The goods at stake in a local forfeiture case—including a 1999 Cadillac Escalade, $44,360 in cash and an AR-15 semiautomatic rifle—have been divvied up. In early June, District Judge Dusty Deschamps ruled that Erik Branam, whom Missoula County alleged is a drug dealer despite a conspicuous lack of criminal charges against him, gets to keep his car, and Missoula County gets to keep the cash and gun.
After being pulled over in spring 2005, Branam, 21, and other occupants fled the Escalade, which Missoula sheriff’s deputies later seized after finding large sums of cash and the weapon inside. Although no criminal drug charges were ever filed against Branam, the county filed for civil forfeiture of Branam’s goods, alleging he’s a drug dealer. Unlike a criminal case, in which the county would carry the burden of proving Branam’s guilt before seizing his possessions, Montana’s civil forfeiture law presumes the county is justified, and Branam must convince the judge his belongings aren’t linked to drugs, or else the county gets to keep them.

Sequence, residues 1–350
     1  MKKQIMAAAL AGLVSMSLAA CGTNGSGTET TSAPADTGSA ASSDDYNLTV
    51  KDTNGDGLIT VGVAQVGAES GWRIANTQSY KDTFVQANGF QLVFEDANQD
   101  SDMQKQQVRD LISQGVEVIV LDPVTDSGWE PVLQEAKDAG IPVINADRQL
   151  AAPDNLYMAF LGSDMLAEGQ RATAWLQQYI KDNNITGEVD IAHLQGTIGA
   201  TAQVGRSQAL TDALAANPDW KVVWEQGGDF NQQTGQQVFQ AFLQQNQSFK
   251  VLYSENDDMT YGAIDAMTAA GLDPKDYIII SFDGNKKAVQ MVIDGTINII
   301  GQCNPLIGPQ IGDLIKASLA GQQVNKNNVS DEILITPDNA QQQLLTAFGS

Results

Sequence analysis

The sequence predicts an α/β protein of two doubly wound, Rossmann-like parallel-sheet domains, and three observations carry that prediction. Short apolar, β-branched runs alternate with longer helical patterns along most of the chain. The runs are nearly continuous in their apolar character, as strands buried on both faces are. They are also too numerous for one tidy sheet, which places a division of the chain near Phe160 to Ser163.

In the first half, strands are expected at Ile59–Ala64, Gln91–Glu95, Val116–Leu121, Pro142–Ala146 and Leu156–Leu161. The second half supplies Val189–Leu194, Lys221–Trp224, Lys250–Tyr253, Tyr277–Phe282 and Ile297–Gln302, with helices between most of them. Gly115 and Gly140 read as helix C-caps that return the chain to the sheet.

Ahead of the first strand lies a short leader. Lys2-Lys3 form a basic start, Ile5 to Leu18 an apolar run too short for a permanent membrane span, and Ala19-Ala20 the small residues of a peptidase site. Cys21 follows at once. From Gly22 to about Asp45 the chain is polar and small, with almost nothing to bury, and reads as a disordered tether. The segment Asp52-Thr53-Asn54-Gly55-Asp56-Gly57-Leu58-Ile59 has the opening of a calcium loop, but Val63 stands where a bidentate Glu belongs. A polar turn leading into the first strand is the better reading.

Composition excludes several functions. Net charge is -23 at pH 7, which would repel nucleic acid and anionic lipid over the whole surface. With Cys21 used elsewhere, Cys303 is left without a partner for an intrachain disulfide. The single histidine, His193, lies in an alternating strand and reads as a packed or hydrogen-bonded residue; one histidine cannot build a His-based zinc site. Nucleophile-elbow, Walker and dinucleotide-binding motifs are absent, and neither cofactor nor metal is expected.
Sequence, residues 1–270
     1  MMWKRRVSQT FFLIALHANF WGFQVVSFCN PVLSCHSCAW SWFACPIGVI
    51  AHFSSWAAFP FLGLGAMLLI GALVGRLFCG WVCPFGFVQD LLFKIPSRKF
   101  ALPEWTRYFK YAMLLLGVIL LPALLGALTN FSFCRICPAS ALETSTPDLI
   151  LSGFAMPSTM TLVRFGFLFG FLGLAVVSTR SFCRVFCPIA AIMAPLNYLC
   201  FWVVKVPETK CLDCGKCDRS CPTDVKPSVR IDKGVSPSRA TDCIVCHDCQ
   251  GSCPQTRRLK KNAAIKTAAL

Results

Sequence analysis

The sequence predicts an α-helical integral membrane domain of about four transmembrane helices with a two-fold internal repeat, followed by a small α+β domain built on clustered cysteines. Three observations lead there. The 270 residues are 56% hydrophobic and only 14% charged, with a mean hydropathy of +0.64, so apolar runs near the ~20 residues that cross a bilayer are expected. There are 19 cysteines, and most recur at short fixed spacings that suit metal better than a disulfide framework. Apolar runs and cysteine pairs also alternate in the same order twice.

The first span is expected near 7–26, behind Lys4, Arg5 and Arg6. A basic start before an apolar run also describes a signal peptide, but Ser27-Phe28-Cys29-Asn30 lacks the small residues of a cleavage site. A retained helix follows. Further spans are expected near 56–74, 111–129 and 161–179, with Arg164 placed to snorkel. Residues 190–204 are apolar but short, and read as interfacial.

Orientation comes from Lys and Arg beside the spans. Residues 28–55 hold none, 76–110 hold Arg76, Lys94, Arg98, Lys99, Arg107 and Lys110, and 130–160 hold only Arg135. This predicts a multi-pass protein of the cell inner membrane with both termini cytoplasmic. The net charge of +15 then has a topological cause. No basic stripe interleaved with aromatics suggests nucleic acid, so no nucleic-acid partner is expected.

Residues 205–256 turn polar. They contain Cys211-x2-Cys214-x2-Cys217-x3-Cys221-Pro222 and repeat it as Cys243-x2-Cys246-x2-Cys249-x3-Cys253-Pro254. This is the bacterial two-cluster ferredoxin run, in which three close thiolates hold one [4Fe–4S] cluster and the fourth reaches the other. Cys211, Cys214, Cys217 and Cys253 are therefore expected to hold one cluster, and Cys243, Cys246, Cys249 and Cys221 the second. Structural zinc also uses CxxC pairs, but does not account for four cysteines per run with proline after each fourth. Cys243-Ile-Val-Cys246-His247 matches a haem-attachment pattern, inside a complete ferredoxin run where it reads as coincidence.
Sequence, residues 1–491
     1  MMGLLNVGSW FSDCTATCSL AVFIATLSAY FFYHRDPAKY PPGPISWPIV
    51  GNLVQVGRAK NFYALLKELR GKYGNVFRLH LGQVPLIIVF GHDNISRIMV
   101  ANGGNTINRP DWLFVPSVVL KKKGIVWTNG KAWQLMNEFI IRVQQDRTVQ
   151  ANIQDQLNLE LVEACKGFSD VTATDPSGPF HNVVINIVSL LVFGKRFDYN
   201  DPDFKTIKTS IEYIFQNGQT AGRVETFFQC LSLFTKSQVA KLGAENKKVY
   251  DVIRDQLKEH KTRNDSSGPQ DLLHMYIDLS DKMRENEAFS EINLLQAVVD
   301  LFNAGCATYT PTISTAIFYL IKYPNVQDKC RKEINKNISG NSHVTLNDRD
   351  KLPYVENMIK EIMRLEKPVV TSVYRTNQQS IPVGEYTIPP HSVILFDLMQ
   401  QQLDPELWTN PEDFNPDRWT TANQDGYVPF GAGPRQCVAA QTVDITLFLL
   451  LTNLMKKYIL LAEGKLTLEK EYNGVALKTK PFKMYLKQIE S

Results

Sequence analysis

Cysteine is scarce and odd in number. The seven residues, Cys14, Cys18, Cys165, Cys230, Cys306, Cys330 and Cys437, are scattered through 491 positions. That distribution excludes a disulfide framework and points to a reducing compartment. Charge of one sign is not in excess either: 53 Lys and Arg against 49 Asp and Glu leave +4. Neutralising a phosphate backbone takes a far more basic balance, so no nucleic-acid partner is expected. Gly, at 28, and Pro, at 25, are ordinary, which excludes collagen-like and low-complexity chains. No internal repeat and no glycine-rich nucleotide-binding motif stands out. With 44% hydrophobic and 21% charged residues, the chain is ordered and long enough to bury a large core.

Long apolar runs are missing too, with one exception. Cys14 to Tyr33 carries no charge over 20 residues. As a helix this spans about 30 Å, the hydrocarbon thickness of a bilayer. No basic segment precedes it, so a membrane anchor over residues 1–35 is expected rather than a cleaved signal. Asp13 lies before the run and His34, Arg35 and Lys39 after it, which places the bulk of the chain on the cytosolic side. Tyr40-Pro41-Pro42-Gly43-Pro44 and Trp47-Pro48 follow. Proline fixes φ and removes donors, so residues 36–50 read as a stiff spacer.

At recent hearings, Branam argued his property came courtesy of a generous father and budding glass-blowing business, and attorney Martin Judnich questioned the credibility of informants Missoula County called to the stand who linked Branam to drug dealing. And in his ruling, Deshamps found that local prosecutors failed to draw any link between the Escalade and Branam’s alleged drug activities. However, Deshamps was convinced by testimony from Great Falls drug dealer and informant James Fenner, who said he’d purchased thousands of dollars of marijuana from Branam, and ruled the $44,360 was criminal proceeds. He also gave the gun to Missoula County, since Branam testified it wasn’t his.
Judnich says Branam won’t appeal the decision because he can’t afford to.
“This guy’s still never been charged with any drug-related crimes and now he’s lost $44,000 even though he showed it came from business and gifts,” Judnich says. “Now the state gets to do with that money as they wish…it just doesn’t make a heck of a lot of sense.”